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What I Believe About Americans Part 2
by Dorothy Seese
dottie@politicalusa.com

This column is not about society's dropouts or the lunatic fringe.

 It is about the average American voter who is supposed to be the recipient of a government of the people, by the people and for the people.

 It encompasses the spectrum from the working poor to the entrepreneurial wealthy.
 To say there is agreement on how government should work is to be ignorant of the facts or totally naive.

Our federal republic is structured so that all classes (and we will always have classes) may have a vote in deciding the quality of life that they can expect to receive from this nation's leaders.

You may totally disagree with me, based on your own perspective, bias, experience or commitments, but this is how I view the American voter and what would be derived from an anonymous national vote on the issues, one by one.

The views expressed are not a statement of my personal beliefs but what I perceive to be the national view if the issues were put to a mail-in vote of all eligible voters in the United States.

Health Care:
Because of the soaring cost of health care since the introduction of Medicare in 1967, and the astronomical costs of prescription medications, the demand for health care among Americans seems to be universal, but not for "universal healthcare" run by the government.

Again, the issue has a root: this root is availability to all Americans of reasonable health care.

We had it once, prior to 1967, and it is the soaring COST of health care that has caused the problems, not the coverage itself.

Most Americans feel that if the U.S. can squander billions on its enemies, on meddling in foreign wars, and on trying to land a device on Mars, then the government should be able to subsidize health care for those who cannot afford it. In particular, the failure of most HMO's has aggravated America's seniors, who depend on the HMO for affordable health care and whose fears of being left without care have been realized by the government's 1998 cap on payments to Medicare HMO's.

If put to a national referendum, I believe most Americans would ask the government to support the HMO's for the elderly and the working poor, but to keep out of the medical end of the program and let the individual doctors treat the patients.

Energy Crises and Costs:
Most Americans see this as a political and economic ploy between foreign nations and the US, and/or as a political issue within the US, but not a real crisis or even a true shortage of oil.

Americans view themselves as pawns in a big-business, big-politics chess game in which the government could care less, the corporations even less than that, about the plight of the American workers, the elderly or the poor.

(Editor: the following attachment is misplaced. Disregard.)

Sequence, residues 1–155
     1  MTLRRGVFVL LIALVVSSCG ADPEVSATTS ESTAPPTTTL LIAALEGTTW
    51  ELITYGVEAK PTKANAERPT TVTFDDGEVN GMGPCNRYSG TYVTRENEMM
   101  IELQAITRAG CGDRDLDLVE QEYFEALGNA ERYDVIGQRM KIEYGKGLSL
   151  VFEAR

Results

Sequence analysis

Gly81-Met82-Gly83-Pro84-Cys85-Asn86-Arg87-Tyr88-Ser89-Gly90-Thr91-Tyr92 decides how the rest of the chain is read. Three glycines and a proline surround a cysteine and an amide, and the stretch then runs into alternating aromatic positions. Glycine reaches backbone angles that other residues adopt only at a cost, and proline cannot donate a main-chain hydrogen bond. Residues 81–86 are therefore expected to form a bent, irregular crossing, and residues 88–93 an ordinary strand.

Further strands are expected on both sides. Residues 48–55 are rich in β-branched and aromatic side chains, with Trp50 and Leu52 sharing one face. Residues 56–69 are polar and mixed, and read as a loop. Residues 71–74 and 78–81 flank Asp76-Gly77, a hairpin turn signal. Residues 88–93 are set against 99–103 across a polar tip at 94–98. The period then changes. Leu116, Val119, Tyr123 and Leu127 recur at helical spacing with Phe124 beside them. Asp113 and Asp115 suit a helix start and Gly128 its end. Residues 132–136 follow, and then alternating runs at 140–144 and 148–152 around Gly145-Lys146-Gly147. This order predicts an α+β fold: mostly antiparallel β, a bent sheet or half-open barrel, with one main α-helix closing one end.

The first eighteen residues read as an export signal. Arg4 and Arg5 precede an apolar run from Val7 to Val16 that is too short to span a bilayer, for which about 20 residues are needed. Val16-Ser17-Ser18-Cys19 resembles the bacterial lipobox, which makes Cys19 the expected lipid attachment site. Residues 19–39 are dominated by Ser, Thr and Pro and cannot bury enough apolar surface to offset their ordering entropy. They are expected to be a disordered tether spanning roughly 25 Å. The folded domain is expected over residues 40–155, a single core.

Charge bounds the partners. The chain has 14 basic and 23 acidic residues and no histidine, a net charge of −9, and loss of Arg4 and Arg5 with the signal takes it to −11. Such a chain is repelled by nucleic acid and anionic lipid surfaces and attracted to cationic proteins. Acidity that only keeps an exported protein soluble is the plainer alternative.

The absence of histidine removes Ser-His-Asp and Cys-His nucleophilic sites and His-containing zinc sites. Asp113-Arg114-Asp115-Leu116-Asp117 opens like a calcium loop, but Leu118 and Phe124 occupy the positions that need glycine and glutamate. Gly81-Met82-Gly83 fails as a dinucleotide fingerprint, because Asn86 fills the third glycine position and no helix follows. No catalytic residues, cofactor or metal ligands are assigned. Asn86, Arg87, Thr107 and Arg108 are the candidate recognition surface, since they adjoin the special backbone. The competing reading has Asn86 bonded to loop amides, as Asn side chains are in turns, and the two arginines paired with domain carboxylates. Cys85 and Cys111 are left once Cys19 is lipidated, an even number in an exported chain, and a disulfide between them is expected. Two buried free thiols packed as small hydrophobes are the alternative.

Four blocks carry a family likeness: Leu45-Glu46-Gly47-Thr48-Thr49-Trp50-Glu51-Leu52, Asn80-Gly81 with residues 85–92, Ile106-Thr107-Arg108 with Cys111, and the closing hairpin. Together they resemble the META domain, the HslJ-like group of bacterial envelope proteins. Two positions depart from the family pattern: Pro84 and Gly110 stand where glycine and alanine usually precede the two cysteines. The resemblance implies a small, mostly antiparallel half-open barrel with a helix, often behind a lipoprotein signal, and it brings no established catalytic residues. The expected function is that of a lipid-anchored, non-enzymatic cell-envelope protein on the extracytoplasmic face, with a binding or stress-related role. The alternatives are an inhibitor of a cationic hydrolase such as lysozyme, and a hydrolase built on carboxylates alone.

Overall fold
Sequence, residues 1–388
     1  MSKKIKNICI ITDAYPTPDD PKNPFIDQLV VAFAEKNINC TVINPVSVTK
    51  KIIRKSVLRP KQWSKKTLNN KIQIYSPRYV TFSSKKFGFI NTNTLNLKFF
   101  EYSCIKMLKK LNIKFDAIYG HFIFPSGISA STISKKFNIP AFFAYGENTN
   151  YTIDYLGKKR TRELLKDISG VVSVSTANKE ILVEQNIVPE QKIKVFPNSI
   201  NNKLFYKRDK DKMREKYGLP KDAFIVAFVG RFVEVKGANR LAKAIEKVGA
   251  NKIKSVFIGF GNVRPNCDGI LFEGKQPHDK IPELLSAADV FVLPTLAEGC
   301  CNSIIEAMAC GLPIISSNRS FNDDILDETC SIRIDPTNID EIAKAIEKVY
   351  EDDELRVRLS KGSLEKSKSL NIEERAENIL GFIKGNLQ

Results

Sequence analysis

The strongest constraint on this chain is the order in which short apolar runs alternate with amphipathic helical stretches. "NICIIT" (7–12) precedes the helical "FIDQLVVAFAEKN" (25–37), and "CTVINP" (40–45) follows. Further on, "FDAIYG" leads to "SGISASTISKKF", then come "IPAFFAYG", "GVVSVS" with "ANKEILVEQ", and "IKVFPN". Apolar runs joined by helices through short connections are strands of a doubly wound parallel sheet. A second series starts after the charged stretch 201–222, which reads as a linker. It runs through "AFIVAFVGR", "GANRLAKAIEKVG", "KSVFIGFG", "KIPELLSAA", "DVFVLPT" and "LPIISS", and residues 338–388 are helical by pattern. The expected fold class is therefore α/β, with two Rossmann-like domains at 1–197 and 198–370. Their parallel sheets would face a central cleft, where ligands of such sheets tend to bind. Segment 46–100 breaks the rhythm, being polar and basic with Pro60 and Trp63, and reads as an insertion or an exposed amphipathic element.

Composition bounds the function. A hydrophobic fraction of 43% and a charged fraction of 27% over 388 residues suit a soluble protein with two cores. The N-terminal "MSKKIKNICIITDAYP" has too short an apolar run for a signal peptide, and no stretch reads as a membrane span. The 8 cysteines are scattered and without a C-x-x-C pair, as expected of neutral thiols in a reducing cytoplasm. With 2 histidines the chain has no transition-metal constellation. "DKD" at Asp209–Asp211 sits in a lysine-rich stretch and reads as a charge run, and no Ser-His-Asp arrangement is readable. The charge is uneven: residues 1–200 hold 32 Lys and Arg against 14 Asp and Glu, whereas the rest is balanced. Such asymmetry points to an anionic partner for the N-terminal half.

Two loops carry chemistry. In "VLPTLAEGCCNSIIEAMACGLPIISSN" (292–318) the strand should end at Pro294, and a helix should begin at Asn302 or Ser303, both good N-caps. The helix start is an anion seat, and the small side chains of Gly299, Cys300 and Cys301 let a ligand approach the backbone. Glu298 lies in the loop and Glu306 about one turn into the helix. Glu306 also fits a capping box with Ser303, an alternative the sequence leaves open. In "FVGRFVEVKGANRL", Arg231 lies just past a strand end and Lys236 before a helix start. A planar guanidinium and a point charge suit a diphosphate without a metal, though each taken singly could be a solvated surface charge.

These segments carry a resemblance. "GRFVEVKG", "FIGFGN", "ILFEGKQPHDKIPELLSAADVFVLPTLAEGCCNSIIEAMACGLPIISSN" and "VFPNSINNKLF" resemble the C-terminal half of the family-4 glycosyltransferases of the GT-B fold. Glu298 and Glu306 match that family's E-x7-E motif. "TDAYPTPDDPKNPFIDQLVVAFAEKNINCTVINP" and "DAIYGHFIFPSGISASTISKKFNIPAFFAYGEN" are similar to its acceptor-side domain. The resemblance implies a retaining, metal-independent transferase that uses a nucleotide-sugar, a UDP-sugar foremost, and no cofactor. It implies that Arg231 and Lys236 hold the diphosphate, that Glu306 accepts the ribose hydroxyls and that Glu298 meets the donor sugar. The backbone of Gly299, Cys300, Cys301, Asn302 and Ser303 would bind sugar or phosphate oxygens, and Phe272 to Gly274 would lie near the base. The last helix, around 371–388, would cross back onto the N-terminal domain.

Put to a national vote, I believe most Americans would say "cut out the nonsense at our expense and let the oil companies go to Hades, get us the oil and the gasoline.

And while you are at it, tell OPEC to shove it."

This is a billionaire's war affecting everyone, but those who can afford oil/gas at any price have no loss, the "little people" do.

This type of nonsense causes national ire because it affects people's ability to get to and from work, to take a weekend trip to relax, and may cut into the budget for other necessities.

Homosexuality:
I believe most Americans would insist that homosexuals be granted every right they are entitled to under the Constitution and no more.

Most Americans do not see the homosexuals as a "special" or "minority" group as that term was understood in 1965 under the Civil Rights Act.

"Don't ask, don't tell" was in place in the entire social structure prior to the Gay Rights Movement.

"Be what you are but keep it out of our faces, out of our private institutions and away from forced sexual orientation classes for our kids" is, I believe, the way that most Americans would put their X in the box if put on the ballot that way.

Religion:

According to a recent major news source, Americans are buying more books than ever on spirituality, while rejecting the traditional Christian faith of our nation's original founders.

We must remember that even 50 years ago this nation was largely Euro-American, "Christian" if in name only, and religion was not an issue before the Supreme Court.
 The "Christian Right" would like to see a return to Bible-based values.

However, this nation was designed to have freedom of religion for all faiths, and we have a very large population of Jews, Muslims, and various other faiths.

If this nation were to demand adherence to "Christian" principles only, there would be no freedom of religion other than to be Christian, and that would violate our own Constitution.

But neither should Christians be pushed aside or persecuted.

I believe that put to a vote, Americans would say "let people believe what they want to and let them all alone about it."

I also believe Americans would see no harm in various celebrations of Christmas, Hanukah or whatever the religious group wished, as long as it did not foster violence or promote Satanism (or any rites of mutilation, human or animal sacrifice).

This is how I believe Americans would vote if there were a national opinion ballot on the above issues. Perhaps I have left out more issues than I have included, but the above issues are up before the public in the form of the upcoming election, in one form or another.

The candidate who appears, to most voters, to satisfactorily address these issues will be President in January, 2001.

Think about it.

Where do you stand?

The "national opinion ballot" that is mentioned in this article doesn't exist but the ballot you cast in November of 2000 does exist.

Don't sit there, VOTE!

 

 View expressed are those of the author and not necessarily those of Political USA


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